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ARM Yourself for Enterprise App Dev
An architectural reference model (ARM) can help you increase application stability in the face of changing requirements.
by Mark Collins-Cope

July 15, 2005

If you've been involved in large-scale software development for any length of time, you'll recognize these symptoms of application architecture and design decay: You must cut and paste repetitive code (along, of course, with any associated bugs), as proper reuse isn't a viable option. Poor code factoring makes reuse impossible, so any simple functional change must be made everywhere that code is duplicated.


Also, the chaotic package structure of the application means your staff faces a prohibitively expensive learning curve. There's no clarity of responsibility in what package does what. Everyone keeps treading on everyone else's toes when making changes to the system, and the lack of consistent packaging rules makes intelligent work scheduling difficult. Automated testing is difficult as well. It's impossible to test any package in isolation due to poor dependency management; fixing bugs is difficult; and spaghetti-like class dependencies make it difficult to track the source of an error.

All in all, the whole application seems to be unstable, simple functional changes require reworking large amounts of code, and everything breaks all the time.

In this article, I'll discuss an architectural reference model (ARM) for large-scale applications that I've successfully employed on three large enterprise application developments. The ARM is made up of five architectural strata: interface, application, domain, infrastructure, and platform (see Figure 1). The overriding purpose of the ARM is to provide a clear set of rules for large-scale application decomposition that encourages separation of concerns, maximizes reuse of code (primarily) within the application and (secondarily) across applications, leads to good code factoring without duplication, and increases application stability in the face of changing requirements.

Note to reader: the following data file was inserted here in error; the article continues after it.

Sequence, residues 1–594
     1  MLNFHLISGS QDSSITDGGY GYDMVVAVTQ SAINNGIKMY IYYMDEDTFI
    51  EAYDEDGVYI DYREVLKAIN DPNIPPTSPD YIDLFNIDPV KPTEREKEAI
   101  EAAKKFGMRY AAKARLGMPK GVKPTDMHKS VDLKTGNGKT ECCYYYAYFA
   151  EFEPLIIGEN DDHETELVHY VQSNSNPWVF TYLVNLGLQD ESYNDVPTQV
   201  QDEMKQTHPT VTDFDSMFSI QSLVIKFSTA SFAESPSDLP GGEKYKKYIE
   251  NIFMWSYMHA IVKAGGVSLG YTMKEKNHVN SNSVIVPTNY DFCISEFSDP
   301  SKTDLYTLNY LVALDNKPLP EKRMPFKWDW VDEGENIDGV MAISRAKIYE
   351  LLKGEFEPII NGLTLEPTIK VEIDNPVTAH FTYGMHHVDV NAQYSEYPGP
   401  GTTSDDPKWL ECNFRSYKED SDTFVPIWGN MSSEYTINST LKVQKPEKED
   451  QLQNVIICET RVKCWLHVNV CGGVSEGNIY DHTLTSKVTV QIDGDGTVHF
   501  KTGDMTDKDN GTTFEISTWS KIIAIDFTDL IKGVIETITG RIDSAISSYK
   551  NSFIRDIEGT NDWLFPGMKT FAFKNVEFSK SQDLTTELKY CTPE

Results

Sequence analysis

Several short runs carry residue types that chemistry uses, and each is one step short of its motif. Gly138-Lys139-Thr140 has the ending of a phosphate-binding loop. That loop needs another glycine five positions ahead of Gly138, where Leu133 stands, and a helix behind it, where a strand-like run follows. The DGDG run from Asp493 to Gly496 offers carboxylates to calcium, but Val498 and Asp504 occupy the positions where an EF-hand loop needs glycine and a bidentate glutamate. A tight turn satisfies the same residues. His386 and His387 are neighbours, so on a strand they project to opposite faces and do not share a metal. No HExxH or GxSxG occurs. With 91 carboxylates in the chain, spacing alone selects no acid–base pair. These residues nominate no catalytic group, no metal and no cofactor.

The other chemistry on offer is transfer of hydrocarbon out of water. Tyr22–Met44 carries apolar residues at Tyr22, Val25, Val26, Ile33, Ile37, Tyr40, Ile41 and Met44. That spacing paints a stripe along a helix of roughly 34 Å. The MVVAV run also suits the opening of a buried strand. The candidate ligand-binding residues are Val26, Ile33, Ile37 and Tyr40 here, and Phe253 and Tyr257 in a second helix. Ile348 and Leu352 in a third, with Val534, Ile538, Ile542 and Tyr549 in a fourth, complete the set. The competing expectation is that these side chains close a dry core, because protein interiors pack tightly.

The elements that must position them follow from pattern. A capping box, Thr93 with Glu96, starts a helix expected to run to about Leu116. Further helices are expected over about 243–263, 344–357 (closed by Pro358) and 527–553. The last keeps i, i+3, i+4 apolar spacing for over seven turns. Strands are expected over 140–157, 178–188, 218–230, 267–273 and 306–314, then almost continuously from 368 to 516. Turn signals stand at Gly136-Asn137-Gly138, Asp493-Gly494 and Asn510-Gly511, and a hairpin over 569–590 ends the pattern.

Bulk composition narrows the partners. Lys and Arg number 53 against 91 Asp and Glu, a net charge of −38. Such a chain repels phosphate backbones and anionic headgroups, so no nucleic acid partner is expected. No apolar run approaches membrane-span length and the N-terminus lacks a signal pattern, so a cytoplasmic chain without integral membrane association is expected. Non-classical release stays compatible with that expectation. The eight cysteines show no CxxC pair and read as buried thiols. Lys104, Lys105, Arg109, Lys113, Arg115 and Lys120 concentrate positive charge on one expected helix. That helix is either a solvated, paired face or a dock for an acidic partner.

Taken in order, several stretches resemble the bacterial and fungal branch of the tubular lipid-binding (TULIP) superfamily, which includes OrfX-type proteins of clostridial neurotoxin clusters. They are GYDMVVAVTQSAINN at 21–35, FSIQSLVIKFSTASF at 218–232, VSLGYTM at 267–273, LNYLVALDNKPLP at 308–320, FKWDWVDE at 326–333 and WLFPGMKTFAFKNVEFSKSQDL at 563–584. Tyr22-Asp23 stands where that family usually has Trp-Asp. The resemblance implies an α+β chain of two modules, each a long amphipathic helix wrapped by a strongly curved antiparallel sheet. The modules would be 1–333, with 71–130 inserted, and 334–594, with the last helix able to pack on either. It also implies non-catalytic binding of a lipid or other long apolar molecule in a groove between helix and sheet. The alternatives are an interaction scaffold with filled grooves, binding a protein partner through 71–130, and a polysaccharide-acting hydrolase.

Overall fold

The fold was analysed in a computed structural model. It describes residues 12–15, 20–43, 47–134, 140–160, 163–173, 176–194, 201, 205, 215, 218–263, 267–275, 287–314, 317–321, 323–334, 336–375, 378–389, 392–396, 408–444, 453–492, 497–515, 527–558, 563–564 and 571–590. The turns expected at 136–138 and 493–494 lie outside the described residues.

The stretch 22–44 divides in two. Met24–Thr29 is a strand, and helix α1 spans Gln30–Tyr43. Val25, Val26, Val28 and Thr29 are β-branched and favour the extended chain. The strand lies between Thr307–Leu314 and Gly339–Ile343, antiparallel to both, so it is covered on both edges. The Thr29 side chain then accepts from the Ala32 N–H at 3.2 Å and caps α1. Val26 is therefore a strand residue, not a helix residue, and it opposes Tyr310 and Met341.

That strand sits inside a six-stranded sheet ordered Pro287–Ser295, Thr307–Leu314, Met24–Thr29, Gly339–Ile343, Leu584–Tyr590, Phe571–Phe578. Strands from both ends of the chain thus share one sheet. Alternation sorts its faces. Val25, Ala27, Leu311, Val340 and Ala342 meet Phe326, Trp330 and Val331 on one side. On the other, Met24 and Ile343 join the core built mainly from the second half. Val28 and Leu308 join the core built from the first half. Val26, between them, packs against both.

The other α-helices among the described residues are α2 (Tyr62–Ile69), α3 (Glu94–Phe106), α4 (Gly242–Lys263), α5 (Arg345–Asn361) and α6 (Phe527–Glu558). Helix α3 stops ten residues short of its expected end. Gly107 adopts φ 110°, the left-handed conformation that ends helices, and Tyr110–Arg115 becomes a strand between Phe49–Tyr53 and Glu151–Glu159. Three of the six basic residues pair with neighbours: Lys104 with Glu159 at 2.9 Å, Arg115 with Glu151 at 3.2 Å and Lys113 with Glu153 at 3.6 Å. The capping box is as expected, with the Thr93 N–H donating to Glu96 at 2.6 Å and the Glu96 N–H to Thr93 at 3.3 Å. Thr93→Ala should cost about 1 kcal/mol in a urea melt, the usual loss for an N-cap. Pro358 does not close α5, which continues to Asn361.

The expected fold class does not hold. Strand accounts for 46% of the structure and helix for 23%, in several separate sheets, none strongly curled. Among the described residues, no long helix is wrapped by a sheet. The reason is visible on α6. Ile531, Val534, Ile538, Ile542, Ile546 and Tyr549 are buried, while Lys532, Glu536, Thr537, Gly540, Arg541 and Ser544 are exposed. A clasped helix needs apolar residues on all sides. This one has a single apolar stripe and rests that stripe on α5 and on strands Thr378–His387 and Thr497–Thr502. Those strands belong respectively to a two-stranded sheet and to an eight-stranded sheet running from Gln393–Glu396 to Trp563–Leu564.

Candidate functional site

To achieve this, the ARM has an easy-to-apply set of rules that bring structure to your application, improved code factoring, increased consistency in packaging rules, and more manageable dependencies between packages.

Each stratum acts as a placeholder for the packages that together will make up the source code to your application. It's important to note that the stratum are not themselves packages, but—as per the rules below—help to determine what should and shouldn't be in any individual package.

The ARM has general rules, which apply across the whole model, and stratum-specific rules, which apply to each stratum. These are the general rules:

  • Strata are divided according to functionality and dependencies. Each stratum has an associated set of responsibility guidelines that determine what the packages and classes within it are allowed to do. Each stratum depends on the strata below it; the functionality of the classes within it will be built using the facilities provided by lower stratum classes and packages.
  • Depend downward. Packages in a given stratum are allowed to depend only on packages in the same or lower stratum. Avoid dependencies to packages in the same stratum.
  • Packages can live only in one stratum. A package that contains some classes belonging to one stratum and some belonging to another is designated to live in the higher stratum. Well-factored applications tend to have a greater number of classes within the lower strata—one objective of the ARM is to put a focus on this type of factoring—so if a package crosses strata boundaries, you should consider restructuring it. Applications with all or most of the packages in the higher strata tend to be poorly factored and often exhibit the problems I discussed at the beginning of this article.

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